Evidence in support of the motion that asleep surgery improves the therapeutic window for deep brain stimulation (DBS) when compared to awake surgery, has been published in the journal Neuromodulation. “Our study provides the first evidence for improvement of the therapeutic window by asleep surgery, […] which can be strengthened further by directional DBS,” write the authors of the study, Farhad Senemmar and colleagues from Heinrich-Heine University Düsseldorf, Düsseldorf, Germany.
The authors argue that the effect of anaesthesia type in terms of asleep versus awake DBS surgery on the therapeutic window of the modality has not been investigated so far, and remains an unmet need. Thus, they sought to examine whether asleep DBS surgery of the subthalamic nucleus improves the therapeutic window for both directional and omnidirectional DBS stimulation in a large single-centre population.
A total of 104 consecutive patients (75 male) with Parkinson’s disease undergoing subthalamic nucleus DBS surgery (80 asleep; 24 awake) were compared in terms of therapeutic window, therapeutic threshold, side effect threshold, improvement of Unified Parkinson’s disease Rating Scale motor score (UPDRS-III), and degree of levodopa equivalent daily dose (LEDD) reduction.
Senemmar and colleagues reported that asleep DBS led to a “significantly wider therapeutic window” compared to awake surgery, for both directional and omnidirectional DBS. “However,” they note, “directional DBS further increased the therapeutic window compared to omnidirectional in the asleep group only.” They add that clinical efficacy regarding improvement in UPDRS-III and LEDD reduction did not differ between groups.
Though the investigators acknowledge that the focus of the study was the therapeutic window, which takes into account stimulation-induced side effects; providing a more suitable outcome measure compared to a pure motor scoring system, they write that the advantages of a wider therapeutic window for real-life programming still needs to be confirmed in further long-term studies.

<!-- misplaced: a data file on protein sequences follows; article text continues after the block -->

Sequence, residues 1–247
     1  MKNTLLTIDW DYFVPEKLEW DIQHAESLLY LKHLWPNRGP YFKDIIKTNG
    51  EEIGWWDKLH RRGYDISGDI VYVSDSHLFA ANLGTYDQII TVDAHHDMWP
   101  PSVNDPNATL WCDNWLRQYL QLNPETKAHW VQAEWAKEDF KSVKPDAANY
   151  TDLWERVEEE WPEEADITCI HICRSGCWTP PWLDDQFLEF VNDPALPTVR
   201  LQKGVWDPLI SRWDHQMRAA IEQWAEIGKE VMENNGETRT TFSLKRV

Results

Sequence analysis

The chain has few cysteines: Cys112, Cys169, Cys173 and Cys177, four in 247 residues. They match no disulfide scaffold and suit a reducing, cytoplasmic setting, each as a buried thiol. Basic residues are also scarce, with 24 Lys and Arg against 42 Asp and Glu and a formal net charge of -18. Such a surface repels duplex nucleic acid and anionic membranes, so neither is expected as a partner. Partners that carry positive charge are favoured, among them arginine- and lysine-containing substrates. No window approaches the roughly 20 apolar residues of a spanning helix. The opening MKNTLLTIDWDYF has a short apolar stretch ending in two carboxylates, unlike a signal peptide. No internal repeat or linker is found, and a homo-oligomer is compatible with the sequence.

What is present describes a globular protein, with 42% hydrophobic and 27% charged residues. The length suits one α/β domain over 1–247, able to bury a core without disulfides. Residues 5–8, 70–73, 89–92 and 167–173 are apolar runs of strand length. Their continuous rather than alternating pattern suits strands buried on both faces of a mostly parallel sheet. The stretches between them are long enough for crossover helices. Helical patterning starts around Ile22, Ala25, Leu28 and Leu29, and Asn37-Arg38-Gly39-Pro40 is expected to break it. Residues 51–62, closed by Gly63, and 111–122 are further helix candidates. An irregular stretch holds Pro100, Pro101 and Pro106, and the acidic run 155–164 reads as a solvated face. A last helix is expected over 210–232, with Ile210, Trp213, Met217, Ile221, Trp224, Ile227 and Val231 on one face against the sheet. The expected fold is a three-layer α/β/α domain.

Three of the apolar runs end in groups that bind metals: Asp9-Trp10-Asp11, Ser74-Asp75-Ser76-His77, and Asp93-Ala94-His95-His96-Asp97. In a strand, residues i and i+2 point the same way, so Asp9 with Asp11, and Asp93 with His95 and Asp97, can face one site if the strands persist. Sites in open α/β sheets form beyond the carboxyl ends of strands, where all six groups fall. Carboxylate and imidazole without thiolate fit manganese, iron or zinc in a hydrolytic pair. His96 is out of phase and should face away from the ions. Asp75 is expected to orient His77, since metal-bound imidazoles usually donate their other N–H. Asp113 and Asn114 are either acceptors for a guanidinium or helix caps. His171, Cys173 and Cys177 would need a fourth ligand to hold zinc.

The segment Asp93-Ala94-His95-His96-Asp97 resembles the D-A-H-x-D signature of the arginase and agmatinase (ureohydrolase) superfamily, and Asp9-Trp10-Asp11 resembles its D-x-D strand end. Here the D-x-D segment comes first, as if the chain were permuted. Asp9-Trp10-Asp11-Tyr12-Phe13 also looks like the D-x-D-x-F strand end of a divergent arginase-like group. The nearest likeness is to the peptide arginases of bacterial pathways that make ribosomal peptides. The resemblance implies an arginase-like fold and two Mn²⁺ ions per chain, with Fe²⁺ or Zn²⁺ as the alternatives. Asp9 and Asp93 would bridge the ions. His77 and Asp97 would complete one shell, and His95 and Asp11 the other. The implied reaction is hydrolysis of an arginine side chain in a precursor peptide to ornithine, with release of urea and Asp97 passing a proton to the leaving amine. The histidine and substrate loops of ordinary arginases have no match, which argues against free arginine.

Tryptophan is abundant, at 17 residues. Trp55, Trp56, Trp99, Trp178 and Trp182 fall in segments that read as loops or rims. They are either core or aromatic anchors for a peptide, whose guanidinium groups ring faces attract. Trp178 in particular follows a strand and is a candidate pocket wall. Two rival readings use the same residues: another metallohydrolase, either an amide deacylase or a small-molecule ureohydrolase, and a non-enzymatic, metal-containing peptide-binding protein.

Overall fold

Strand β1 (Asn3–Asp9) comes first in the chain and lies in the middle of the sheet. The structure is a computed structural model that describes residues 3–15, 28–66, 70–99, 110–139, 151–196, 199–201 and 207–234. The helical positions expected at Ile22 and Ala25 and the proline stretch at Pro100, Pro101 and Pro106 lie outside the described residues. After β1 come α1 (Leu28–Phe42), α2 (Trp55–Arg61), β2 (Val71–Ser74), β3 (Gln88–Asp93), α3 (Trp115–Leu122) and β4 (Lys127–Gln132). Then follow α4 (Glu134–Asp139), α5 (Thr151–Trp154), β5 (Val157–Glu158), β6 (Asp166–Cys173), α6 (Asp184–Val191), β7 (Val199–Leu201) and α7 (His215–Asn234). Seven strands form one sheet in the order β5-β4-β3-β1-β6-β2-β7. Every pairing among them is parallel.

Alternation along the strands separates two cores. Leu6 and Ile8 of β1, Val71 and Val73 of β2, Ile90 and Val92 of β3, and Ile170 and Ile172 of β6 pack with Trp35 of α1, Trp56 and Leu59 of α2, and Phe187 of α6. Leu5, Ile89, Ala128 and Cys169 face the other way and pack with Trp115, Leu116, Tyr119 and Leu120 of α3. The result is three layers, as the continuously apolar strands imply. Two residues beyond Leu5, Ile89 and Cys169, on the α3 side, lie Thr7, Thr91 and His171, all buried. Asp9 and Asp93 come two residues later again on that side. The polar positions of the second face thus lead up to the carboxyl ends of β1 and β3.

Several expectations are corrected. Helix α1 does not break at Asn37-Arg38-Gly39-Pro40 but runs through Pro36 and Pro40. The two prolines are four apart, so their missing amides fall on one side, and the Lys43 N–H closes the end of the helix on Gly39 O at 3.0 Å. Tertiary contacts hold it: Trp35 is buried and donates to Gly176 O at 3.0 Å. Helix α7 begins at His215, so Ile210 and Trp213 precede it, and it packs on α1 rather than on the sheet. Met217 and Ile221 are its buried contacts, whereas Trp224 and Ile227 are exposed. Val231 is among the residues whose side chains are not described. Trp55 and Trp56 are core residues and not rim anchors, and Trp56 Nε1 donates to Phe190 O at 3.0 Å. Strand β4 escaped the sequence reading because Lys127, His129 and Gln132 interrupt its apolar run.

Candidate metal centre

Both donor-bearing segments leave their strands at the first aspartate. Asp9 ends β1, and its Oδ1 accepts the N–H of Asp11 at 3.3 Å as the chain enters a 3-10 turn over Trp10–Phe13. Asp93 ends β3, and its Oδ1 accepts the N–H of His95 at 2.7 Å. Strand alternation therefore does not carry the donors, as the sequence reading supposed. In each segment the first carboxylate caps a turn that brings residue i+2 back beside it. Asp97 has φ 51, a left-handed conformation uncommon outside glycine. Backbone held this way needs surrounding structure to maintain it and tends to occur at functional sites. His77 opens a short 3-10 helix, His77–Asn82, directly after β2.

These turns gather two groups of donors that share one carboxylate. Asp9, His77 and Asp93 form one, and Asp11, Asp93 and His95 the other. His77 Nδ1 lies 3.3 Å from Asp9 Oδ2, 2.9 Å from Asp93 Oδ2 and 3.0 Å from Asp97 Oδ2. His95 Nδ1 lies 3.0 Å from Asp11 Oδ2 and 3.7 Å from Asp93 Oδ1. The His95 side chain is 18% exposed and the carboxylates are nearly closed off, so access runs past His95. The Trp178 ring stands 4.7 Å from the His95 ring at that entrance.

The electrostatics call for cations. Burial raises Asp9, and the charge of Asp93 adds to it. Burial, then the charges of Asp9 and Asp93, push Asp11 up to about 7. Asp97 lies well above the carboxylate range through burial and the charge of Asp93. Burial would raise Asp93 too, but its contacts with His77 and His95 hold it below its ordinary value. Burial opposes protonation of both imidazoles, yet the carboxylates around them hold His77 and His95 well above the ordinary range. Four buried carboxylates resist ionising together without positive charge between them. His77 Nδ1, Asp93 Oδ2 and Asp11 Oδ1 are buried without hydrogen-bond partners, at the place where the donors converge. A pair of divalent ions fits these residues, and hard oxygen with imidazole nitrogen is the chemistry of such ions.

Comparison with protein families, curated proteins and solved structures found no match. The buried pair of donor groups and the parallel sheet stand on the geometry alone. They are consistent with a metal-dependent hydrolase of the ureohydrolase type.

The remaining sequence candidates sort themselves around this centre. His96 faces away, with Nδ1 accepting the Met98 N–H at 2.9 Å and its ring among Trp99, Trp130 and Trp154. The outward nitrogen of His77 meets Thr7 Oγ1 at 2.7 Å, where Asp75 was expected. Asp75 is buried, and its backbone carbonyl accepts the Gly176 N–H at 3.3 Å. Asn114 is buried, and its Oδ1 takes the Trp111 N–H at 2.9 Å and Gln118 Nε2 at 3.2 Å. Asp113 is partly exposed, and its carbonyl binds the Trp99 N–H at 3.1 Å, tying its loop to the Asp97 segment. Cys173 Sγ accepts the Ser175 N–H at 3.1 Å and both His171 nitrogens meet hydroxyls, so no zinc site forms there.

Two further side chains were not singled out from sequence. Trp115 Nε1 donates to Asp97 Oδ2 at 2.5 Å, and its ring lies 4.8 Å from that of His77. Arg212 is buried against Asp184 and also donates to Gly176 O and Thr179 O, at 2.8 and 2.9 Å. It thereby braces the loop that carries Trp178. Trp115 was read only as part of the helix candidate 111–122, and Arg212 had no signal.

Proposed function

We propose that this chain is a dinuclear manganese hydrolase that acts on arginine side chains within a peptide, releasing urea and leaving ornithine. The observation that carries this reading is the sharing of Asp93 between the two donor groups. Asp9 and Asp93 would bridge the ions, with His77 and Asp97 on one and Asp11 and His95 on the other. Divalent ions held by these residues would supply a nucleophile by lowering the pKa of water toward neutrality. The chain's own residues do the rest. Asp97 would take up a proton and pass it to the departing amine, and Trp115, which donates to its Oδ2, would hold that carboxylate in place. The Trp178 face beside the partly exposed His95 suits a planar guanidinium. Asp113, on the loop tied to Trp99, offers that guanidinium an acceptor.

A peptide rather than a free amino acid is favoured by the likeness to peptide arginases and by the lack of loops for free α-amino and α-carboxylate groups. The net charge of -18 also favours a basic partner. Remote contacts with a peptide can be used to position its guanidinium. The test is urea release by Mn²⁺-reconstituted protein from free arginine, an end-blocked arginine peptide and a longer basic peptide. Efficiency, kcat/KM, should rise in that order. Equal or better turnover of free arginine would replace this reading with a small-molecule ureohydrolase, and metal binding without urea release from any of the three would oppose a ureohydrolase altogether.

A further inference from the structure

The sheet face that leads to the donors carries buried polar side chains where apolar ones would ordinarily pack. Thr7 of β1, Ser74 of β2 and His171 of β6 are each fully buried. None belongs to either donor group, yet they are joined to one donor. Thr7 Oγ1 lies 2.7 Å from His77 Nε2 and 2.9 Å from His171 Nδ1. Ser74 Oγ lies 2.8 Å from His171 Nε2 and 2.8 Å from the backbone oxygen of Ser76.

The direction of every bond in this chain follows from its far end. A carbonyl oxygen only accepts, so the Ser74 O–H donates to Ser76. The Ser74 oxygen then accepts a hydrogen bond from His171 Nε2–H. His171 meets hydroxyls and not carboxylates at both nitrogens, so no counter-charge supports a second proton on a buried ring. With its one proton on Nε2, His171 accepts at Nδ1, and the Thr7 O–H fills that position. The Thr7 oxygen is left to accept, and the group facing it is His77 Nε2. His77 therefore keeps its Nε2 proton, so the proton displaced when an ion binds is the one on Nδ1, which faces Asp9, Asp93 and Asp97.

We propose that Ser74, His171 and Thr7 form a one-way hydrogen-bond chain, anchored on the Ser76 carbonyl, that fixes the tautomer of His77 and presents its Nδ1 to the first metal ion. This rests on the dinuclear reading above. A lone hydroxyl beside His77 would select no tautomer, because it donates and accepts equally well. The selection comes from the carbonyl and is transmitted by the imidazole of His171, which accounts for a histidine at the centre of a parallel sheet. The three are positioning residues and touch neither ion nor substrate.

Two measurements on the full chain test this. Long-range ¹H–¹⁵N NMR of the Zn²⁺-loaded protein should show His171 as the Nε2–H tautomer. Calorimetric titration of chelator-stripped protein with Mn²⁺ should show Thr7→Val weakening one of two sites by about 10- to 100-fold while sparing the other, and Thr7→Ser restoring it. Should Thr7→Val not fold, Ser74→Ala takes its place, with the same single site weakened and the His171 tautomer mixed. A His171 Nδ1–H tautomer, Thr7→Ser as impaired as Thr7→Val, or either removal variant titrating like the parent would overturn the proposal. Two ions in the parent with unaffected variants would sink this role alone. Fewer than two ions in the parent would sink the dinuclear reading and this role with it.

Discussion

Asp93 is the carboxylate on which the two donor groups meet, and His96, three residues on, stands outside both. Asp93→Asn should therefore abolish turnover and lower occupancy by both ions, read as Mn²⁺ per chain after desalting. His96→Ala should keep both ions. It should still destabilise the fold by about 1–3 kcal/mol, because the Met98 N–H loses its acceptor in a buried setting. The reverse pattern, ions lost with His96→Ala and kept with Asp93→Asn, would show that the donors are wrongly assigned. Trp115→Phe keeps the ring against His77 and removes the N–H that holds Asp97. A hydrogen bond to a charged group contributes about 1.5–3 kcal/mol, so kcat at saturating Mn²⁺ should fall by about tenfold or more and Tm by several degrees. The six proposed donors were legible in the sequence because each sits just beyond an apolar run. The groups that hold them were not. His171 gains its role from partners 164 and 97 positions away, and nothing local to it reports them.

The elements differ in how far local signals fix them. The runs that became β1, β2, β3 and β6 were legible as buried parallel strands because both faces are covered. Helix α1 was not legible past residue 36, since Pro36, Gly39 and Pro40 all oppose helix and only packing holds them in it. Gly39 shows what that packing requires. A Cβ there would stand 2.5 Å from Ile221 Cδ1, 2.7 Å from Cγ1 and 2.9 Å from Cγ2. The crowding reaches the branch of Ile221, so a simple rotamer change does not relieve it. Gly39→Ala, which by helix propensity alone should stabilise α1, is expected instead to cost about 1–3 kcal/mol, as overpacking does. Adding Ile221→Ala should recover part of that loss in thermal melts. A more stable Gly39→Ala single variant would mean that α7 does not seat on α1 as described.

Discussing their findings, Senemmar and team state that “at first sight, this result may be surprising”. They propose that awake surgery usually allows for intraoperative testing of both therapeutic threshold and side effect threshold, which should lead to optimal therapeutic window postoperatively.
Thus, the authors note that several aspects need to be taken into consideration explaining the difference between both groups.
“First of all, asleep DBS may lead to higher accuracy with regard to the preoperative image-based targeting. It is proposed that higher precision in asleep surgery may be achieved by reduction of brain shift.”
They add that they feel it is also important to mention that, in contrast to other centres, their team in Germany also use microelectrode recording in asleep surgery after reduction of anaesthesia, which is similar to a controlled general anaesthesia technique.
They write: “It is possible that in our patients, microelectrode recording and clinical testing for capsular side effects were already sufficient to determine the optimal target for implantation and further clinical testing had no additional impact. Moreover, given the fact that the therapeutic window was smaller in the awake group, clinical testing could have even had a negative impact.
“One has to take into account that adequate clinical evaluation of slight changes of muscle tone, oculomotor function, or speech […] in the operation room—with the patient off medication for more than 12 hours—can be challenging even for an experienced neurologist specialised for clinical monitoring of DBS surgery.
“Finally”, they assert, “the mere fact that the patient undergoes clinical testing in the awake state can already lead to placebo effects leading to better intraoperative clinical outcome that may not be confirmed postoperatively.”